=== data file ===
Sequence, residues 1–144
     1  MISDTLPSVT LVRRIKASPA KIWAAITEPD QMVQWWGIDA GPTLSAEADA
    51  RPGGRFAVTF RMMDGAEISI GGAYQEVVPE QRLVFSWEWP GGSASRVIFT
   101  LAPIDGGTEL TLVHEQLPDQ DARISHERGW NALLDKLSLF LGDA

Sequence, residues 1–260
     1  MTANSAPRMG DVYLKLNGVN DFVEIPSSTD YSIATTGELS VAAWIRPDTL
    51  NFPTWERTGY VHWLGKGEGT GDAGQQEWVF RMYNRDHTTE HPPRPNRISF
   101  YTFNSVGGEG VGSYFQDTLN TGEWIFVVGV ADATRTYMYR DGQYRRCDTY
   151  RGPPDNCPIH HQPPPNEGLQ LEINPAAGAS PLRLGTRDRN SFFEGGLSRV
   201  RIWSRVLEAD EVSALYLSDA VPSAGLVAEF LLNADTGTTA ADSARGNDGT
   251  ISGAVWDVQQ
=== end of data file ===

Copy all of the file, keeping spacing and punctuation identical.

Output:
Sequence, residues 1–144
     1  MISDTLPSVT LVRRIKASPA KIWAAITEPD QMVQWWGIDA GPTLSAEADA
    51  RPGGRFAVTF RMMDGAEISI GGAYQEVVPE QRLVFSWEWP GGSASRVIFT
   101  LAPIDGGTEL TLVHEQLPDQ DARISHERGW NALLDKLSLF LGDA

Sequence, residues 1–260
     1  MTANSAPRMG DVYLKLNGVN DFVEIPSSTD YSIATTGELS VAAWIRPDTL
    51  NFPTWERTGY VHWLGKGEGT GDAGQQEWVF RMYNRDHTTE HPPRPNRISF
   101  YTFNSVGGEG VGSYFQDTLN TGEWIFVVGV ADATRTYMYR DGQYRRCDTY
   151  RGPPDNCPIH HQPPPNEGLQ LEINPAAGAS PLRLGTRDRN SFFEGGLSRV
   201  RIWSRVLEAD EVSALYLSDA VPSAGLVAEF LLNADTGTTA ADSARGNDGT
   251  ISGAVWDVQQ